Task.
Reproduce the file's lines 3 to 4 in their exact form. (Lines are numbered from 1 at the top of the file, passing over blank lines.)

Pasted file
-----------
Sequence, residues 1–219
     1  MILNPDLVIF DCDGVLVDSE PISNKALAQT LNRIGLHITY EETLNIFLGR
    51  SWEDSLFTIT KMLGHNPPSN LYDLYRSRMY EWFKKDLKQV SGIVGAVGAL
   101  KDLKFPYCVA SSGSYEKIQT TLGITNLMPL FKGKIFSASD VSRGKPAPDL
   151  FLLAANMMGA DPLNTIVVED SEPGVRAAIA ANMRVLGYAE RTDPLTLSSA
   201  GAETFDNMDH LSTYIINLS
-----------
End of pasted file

    51  SWEDSLFTIT KMLGHNPPSN LYDLYRSRMY EWFKKDLKQV SGIVGAVGAL
   101  KDLKFPYCVA SSGSYEKIQT TLGITNLMPL FKGKIFSASD VSRGKPAPDL